One of the curious effects of living in Laguna Beach for a long time is that you stop paying much attention to the neighborhood (except for story poles and Design Review Board issues).
Your car drives on autopilot; familiarity with the territory is a great comfort. You don’t get lost and you don’t need to Google map your friends’ homes.
And you stop seeing. I mean, really seeing.
So, what a shock it was to have my attention grabbed by a brilliant stop sign at the corner of Calliope and Glenneyre. How long has it been there? It’s a different red than its counterparts; more tomato and less fire-engine colored. It sits in the middle of an asphalt triangle splitting northbound Glenneyre traffic into directional options.
What caught my eye was its pole. It’s not simply a metal stake with a diamond-shaped top. The length of the pole is covered in red reflective material, so the entire sign says “STOP.”
I wondered how many other things had I missed in my “autopilot” wanderings? How many changes had I witnessed without actually taking note?
In the transportation sector, there is the wonderful new signal at the Festival of Arts. Hopefully, this will ease the struggle of peak show times for both pedestrians and drivers. It’s just new enough to for me to almost forget it’s operational, i.e., pay attention while driving. The stop sign at Oak Street generates a similar response.
Farther out the canyon, Laguna College of Art and Design has finally garnered a pedestrian crosswalk, complete with a blinking signal.
I’m glad the students don’t have to dart between speeding traffic just to cross the Canyon Road, although, I’d still like to see a full signal. Ever try to leave thatparking lot heading east during rush hour? Or at any hour during the summer onslaught?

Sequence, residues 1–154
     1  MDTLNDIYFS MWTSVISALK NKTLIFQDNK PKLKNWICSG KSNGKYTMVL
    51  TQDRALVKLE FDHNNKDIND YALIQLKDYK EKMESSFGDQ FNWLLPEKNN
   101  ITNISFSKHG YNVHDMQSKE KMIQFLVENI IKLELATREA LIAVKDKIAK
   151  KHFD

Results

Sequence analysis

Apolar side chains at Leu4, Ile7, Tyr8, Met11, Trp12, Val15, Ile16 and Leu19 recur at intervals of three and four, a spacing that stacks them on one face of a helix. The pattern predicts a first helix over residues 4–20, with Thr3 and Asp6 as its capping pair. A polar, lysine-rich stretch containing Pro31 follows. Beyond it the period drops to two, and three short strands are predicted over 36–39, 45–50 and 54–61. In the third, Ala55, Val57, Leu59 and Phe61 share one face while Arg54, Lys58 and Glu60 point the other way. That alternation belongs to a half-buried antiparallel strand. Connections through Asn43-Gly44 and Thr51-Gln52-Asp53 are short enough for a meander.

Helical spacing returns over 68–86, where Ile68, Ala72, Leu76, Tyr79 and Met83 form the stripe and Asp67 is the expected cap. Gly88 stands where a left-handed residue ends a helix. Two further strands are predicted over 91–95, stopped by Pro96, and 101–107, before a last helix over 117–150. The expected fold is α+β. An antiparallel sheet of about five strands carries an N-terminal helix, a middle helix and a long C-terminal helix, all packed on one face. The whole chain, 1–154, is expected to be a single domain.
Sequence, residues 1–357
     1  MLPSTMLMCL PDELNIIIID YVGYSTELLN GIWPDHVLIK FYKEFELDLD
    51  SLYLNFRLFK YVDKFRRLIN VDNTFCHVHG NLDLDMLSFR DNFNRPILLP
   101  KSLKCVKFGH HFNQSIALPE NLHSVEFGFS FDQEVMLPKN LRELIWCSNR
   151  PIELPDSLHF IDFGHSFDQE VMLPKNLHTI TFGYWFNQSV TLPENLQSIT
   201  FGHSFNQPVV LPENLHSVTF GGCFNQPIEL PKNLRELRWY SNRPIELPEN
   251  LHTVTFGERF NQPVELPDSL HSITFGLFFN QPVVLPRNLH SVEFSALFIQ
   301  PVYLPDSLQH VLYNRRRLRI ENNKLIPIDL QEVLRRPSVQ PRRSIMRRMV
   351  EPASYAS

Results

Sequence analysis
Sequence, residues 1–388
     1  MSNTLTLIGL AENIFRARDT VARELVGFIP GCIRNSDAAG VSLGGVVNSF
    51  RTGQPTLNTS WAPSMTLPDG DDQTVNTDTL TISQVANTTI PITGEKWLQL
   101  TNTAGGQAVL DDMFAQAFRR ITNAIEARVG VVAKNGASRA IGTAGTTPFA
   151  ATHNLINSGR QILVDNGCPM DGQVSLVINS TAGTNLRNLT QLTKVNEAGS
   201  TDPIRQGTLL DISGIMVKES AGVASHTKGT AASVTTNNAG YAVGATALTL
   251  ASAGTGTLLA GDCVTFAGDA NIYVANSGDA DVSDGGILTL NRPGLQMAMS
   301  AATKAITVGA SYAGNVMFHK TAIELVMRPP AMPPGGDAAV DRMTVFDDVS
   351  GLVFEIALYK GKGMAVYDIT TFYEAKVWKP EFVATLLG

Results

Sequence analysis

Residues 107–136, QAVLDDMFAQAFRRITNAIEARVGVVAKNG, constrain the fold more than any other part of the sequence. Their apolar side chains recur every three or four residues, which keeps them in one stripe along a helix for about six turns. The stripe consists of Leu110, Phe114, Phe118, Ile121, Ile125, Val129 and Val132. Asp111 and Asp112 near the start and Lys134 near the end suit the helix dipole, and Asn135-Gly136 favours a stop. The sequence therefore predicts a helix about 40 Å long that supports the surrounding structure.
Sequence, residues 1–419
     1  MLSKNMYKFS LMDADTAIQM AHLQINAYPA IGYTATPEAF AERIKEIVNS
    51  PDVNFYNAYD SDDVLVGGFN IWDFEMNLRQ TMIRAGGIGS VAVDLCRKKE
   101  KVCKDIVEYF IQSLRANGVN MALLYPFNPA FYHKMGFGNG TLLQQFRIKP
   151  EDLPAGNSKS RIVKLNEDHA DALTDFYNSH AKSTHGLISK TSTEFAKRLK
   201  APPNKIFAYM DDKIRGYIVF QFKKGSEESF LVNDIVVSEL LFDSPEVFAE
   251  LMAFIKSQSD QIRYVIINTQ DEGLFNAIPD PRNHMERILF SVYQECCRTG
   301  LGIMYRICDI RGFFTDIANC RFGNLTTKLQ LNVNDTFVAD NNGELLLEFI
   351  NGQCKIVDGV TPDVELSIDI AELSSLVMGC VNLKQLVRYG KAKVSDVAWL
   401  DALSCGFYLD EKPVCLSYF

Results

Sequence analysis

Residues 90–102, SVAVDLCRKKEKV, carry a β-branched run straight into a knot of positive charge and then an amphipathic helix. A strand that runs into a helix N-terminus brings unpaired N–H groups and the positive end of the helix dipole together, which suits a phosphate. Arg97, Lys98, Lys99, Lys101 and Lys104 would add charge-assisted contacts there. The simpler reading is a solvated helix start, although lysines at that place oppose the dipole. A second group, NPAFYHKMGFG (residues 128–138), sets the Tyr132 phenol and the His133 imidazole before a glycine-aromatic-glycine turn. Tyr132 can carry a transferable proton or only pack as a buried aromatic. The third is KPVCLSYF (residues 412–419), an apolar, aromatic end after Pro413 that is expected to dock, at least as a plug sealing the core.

In the restaurant sector, new equals Kya and Sapphire. Old and out, Jolly Roger and Laguna Brewing Company. Jamba Juice, with its distinctive exterior architecture, sits sadly empty.
Javiers will close, we hear, when his Crystal Cove space opens. Rumors circulate about Cedar Creek. What will happen to Aliso Creek? And is Wild Oats really to become Whole Foods?
And then there’s the Starbucks/Deidrich Coffee debacle. Can Laguna support two Starbucks? One with seating and one without? And if so, can they have two signs? You certainly wouldn’t want to walk into a coffee shop if you were expecting ... ice cream.
Clothing? There’s something new every day, with names like Envy, Sidewalk and Aris. And might the old Jolly Rogers actually become a Tommy Bahamas (food and clothing)? The north Laguna liquor store has suddenly become Lightopia.
Pavilions is undergoing yet another renovation. New floors (last week, stripped concrete reigned supreme) are slowly manifesting, including a rather retro wood treatment in the produce department. A full service floral department is in the works.
Arts? Never lacking in Laguna and the shows change daily. Two new galleries have recently opened. Studio Arts, in the Old Pottery Place, features the glass work of John Barber, as well as other local artists. The exceptional Rohrer Fine Arts on gallery row has upped the ante for what is possible.
Just last month, the gallery hosted an afternoon lecture on Buddhist Gandaran Art by noted curator Meher McArthur. The lecture, filled to standing-room-only, complemented the extraordinary collection of art works from the first millennium A.D. Quite a treat for a Lagunan to see such magnificent art without traveling to a national museum.
The cottages at the bottom of the Third Street hill have slowly made their way to the Big Bend curve on Laguna Canyon Road, where, in my humble opinion, they will continue to rot to piles of sawdust.
Hard to believe we actually spent $250,000 of precious city resources to park buildings that everyone wanted to save, but nobody wanted to keep.
Bulldozers churn the earth daily, preparing for the long-awaited (if not somewhat controversial) senior center. Someone jokingly said the current site reminds them of Beirut.
In fact, bulldozers may be the vehicle of the day. Act V shifts from parking lot to city lot ... and the hill of Bluebird Canyon changes with each drag and dig of earth.
Nothing stays the same, but that is the nature of life. Shifting and changing. Opening and closing. Sometimes, it seems to happen in the blink of an eye.
We let go, so we can gain anew, holding steady, of course, to the heart and soul of our unique Laguna core.